So what is the point?  It took extra time, me getting over my dislike of feet, and learning to understand how much each student could be pushed and what was actually possible.  I had to be flexible and willing to delve into the territory of the unknown (creativity).  This is not to toot my own horn, but simply to say, if you are willing to try something new, wonderful things can happen.

Many times, I come across students that have no “disabilities,” but are just as handicapped by their lack of self-confidence.  This is one of the most common things that I see as a vocal teacher.  How you think, affects how you sing.  If you think you can conquer a high note (that is of course, within your range), than it’s much more possible to do that.  Many times, students look at a note and because it looks high on the staff, they can’t seem to reach it because they don’t think they can (even though they warmed up much higher than that minutes before).  Thus, part of my job as a teacher is to be the cheerleader, the counselor, the coach.  Sometimes, lessons end up being more of a pep talk than anything else.  And if I’m willing to be flexible with the time, and am willing to set aside goals for the lesson, sometimes those pep talks are the turning points for students.  With those students that tend to be high stress, it helps to be silly, joke, and do lots of breathing, stretching, and relaxation exercises for they even play or sing one note.  It takes time from the lesson, but it’s very important.

A good example of this is an adult student that I taught.  When she first began taking voice lessons, she was not able to sing above an F4. She had a big personality, and a big speaking voice, but her range was very, very small (less than one octave) and singing anywhere above F4 was very quite and barely audible.  After a few weeks of trying out that new higher part of her voice, and after much encouragement, she was able to use it.  It took many times of my saying, “You may not like the sound at first, but keep using it and it will get stronger and stronger.”

To conclude, if you have the opportunity to work with someone that has a physical or mental disability, or if they are just “stuck,” don’t be afraid to try new things.  Good luck!


This is a pretty rough recording of an old hymn I arranged. I was going through a hard time and the words to this song helped me, but the old tune didn’t seem to fit. Hopefully, this hymn can encourage you too 🙂

Though the angry surges roll
On my tempest-driven soul,
I am peaceful, for I know,
Wildly though the winds may blow,
I’ve an anchor safe and sure,
That can evermore endure.

And it holds, my anchor holds:
Blow your wildest, then, O gale,
By His grace I shall not fail,
For my anchor holds, my anchor holds.

Mighty tides about me sweep,
Perils lurk within the deep,
Angry clouds o’ershade the sky,
And the tempest rises high;
Still I stand the tempest’s shock,
For my anchor grips the rock.

Troubles almost ‘whelm the soul;
Griefs like billows o’er me roll;
Tempters seek to lure astray;
Storms obscure the light of day:
But in Christ I can be bold,
I’ve an anchor that shall hold.

Here’s a fun little song that I sang for my student’s at the spring recital.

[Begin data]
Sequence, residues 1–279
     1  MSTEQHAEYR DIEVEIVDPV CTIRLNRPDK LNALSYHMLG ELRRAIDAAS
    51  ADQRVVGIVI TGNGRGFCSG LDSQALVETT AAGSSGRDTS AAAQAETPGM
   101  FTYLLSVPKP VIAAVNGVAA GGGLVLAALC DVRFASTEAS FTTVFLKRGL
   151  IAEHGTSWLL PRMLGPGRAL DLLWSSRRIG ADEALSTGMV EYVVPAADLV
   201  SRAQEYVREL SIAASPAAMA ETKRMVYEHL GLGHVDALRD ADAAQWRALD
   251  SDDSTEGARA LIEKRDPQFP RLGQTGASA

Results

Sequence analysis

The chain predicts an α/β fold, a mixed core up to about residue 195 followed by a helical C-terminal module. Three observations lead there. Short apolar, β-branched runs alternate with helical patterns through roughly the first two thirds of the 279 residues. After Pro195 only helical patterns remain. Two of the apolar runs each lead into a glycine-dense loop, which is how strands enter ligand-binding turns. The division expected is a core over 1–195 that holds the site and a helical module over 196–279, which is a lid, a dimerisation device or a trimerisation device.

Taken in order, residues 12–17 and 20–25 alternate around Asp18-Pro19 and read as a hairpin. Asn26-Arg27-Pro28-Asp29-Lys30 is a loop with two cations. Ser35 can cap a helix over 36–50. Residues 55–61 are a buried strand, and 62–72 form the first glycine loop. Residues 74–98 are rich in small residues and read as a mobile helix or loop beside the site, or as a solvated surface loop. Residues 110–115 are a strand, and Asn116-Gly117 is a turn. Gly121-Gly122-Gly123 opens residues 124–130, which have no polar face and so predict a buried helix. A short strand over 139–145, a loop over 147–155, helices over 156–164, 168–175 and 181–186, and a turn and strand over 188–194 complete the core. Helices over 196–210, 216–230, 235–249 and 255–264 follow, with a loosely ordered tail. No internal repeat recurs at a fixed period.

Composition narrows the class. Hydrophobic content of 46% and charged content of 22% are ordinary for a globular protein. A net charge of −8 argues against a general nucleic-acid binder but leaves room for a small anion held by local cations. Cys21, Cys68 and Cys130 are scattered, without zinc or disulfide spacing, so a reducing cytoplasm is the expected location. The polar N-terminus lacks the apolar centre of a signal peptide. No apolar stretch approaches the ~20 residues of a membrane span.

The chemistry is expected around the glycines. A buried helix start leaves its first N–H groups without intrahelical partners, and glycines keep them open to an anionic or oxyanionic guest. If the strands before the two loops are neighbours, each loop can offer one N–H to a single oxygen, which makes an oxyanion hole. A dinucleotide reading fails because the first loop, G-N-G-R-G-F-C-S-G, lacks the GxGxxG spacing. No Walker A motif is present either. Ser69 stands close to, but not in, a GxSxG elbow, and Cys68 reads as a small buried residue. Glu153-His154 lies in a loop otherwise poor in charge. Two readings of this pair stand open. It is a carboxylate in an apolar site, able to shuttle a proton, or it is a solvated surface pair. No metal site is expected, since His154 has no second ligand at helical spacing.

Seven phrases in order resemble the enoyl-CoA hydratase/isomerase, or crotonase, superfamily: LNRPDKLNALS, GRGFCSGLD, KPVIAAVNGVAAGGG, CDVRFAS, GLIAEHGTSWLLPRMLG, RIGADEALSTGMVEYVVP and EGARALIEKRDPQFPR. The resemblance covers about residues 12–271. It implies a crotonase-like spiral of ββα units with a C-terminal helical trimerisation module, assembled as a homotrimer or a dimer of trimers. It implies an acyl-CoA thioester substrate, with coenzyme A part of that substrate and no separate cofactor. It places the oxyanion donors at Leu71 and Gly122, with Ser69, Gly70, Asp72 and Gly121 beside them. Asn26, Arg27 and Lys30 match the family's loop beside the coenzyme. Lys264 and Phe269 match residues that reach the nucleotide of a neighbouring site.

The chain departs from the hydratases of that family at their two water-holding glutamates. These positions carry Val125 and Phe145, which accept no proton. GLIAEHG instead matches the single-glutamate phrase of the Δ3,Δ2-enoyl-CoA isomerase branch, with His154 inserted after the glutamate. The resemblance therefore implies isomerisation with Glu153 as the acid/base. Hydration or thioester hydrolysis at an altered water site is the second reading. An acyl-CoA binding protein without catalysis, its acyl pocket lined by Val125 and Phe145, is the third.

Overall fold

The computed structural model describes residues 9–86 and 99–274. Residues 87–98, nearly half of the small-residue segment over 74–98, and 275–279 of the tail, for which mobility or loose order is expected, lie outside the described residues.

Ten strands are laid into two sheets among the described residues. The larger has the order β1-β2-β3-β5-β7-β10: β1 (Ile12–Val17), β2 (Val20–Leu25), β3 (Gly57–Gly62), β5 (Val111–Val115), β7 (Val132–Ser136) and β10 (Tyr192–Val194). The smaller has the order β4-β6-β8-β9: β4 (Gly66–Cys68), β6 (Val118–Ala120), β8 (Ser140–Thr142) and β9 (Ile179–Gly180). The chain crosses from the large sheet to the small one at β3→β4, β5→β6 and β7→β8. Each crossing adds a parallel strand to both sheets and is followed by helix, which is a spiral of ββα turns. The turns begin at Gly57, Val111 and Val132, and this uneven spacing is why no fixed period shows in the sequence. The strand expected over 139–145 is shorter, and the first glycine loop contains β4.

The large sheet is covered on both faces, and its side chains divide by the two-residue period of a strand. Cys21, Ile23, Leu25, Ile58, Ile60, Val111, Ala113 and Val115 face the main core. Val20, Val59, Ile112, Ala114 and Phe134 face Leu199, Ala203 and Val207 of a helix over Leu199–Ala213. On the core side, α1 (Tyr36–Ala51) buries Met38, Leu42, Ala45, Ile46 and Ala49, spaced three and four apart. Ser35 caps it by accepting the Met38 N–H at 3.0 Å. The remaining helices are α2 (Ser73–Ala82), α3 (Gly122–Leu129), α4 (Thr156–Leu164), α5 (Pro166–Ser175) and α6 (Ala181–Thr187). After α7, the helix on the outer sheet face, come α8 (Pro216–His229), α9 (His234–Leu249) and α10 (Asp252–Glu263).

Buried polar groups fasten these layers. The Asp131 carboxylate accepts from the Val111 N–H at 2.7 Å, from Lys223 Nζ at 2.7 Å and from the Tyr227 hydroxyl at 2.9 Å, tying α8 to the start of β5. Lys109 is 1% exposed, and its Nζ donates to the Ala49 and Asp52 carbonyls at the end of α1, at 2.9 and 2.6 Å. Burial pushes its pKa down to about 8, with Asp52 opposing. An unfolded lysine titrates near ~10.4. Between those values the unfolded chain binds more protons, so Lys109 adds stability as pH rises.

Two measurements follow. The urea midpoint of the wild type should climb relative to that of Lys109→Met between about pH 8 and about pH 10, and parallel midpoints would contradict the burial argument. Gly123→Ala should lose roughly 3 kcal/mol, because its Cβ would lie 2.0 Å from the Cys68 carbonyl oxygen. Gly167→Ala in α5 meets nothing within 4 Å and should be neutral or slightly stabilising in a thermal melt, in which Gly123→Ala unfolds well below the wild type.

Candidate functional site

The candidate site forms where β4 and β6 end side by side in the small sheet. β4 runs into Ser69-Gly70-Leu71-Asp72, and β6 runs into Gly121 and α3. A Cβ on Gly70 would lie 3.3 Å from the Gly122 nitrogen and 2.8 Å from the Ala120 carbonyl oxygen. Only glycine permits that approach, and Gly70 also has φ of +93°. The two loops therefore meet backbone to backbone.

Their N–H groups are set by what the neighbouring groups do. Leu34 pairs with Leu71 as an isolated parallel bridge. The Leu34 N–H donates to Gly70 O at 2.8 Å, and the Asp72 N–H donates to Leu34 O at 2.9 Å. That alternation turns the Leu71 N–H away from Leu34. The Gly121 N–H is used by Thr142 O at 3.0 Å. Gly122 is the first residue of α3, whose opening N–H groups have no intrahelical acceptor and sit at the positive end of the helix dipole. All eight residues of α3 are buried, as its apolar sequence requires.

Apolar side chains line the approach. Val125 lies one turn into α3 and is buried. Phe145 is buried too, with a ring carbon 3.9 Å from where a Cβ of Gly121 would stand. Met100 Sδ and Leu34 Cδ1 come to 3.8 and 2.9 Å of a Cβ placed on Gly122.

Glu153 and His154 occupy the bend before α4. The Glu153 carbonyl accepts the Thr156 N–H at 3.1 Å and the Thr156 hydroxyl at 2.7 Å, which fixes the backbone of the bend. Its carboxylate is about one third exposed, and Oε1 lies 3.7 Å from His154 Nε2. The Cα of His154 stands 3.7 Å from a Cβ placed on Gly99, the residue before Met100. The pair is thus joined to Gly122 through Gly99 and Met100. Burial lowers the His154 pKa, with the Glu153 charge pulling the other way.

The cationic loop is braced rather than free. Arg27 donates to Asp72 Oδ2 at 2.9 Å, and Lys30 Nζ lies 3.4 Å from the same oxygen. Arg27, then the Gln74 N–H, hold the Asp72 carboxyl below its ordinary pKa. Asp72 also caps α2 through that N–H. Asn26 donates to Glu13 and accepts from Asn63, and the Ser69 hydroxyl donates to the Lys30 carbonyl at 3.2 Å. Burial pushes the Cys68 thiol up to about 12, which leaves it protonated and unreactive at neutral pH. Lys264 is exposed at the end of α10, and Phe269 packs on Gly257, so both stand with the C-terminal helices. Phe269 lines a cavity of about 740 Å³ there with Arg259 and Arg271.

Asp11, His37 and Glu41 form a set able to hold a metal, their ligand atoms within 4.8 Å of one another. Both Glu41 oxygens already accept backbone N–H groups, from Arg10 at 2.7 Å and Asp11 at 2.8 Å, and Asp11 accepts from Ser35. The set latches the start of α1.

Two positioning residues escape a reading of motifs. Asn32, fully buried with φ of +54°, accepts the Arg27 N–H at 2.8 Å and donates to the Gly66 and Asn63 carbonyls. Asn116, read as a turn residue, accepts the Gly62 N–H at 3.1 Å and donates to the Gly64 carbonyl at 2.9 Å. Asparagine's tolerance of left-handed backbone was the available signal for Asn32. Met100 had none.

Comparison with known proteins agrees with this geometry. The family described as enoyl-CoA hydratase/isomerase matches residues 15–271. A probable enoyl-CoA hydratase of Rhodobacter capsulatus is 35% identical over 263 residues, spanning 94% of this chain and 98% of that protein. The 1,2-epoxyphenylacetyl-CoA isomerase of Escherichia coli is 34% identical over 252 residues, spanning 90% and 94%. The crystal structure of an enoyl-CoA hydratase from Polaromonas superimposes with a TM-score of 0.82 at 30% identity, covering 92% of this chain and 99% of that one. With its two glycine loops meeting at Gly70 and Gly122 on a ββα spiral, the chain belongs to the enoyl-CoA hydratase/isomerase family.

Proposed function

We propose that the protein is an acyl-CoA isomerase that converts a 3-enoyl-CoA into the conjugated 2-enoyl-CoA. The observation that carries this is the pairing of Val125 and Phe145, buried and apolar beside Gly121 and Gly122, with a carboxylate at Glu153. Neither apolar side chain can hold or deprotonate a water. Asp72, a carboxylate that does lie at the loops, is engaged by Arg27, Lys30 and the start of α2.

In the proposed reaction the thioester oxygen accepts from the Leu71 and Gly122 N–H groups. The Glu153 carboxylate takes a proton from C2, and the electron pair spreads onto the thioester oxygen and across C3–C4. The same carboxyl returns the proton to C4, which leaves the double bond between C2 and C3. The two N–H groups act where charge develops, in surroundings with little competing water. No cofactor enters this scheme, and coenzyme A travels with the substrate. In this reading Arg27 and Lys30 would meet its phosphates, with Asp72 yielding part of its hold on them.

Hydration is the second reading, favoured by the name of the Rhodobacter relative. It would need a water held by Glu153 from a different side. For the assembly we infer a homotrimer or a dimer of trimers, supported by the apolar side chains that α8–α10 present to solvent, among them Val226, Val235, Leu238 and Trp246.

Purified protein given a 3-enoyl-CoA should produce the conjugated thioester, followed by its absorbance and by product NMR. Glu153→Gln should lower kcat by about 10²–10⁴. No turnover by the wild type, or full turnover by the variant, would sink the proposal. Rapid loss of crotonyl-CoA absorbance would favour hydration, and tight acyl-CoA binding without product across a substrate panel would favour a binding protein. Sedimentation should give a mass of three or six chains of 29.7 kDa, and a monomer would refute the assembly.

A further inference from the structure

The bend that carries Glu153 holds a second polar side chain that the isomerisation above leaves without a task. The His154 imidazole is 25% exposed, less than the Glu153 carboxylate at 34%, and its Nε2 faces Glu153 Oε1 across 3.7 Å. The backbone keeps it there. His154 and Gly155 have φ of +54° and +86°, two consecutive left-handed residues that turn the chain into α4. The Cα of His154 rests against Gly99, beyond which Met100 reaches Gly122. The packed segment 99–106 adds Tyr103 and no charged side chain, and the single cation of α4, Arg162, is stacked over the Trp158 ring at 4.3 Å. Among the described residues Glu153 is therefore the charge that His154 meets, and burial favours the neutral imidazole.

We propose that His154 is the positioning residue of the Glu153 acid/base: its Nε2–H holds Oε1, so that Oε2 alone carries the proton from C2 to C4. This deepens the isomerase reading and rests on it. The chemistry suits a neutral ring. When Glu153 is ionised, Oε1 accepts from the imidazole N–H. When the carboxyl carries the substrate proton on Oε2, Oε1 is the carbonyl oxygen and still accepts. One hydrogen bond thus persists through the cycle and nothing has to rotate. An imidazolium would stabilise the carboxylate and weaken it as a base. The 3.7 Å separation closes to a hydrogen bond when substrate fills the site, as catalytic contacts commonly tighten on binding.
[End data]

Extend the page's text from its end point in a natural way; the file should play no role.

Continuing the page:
Not long ago, I received some good questions and thought that I might share them with you.  These are in regards to some popular misconceptions about the use of the diaphragm.

Q: Here are some of the things that I’ve heard: breathing from the diaphragm may not be helpful when singing and may actually have negative effects.  Also, I’ve read that taking deep breath does not necessarily result in more oxygen.  Continued deep breathing could have very negative effects on the body, in hyperventilation, oxygen supply, eyesight, and more.  What’s your opinion on this?

A: Thank you for your comments. To respond to the things that you have read, here is what I have found in my own research and what I’ve also experienced. Breathing by using your diaphragm is mainly used in singing because it supports a musical tone much better than does JUST breathing from your lungs. It also is faster way to get air through than just your lungs. That is why any professional singer knows how to use his/her diaphragm when singing.

When you breathe from your diaphragm, you’re also breathing from your lungs, but you’re breath is more deep and powerful. Breathing from your diaphragm is a natural way to breathe when you are in a very relaxed state. If you’ve ever seen a baby breathing while sleeping, you’ll notice that their belly is moving up and down–this is breathing from the diaphragm–the breath is slow and steady. Also, a dog uses its diaphragm when it is panting. In yoga, they tell you to breathe deeply from low down–essentially your diaphragm.

For everyday purposes such as walking or running, we DO NOT purposefully breathe from the diaphragm because it can cause light-headedness, or hyperventilation (because there is much more air coming in and out at a faster rate than normal breathing).  Also, from personal experience, if you try running while forcing yourself to breathe from mostly your diaphragm, it’s much easier to get side cramps 🙂

As for worse eyesight, etc…I have never come across this in any of my research (assuming the deep-breathing is used correctly). If you’re only using this as a technique when singing, it is good for you and has no harmful effects. It’s only when used improperly or out of the singing/relaxing context that it might cause hyperventilation.

I hope that this has been helpful and informative. Thanks again for your questions.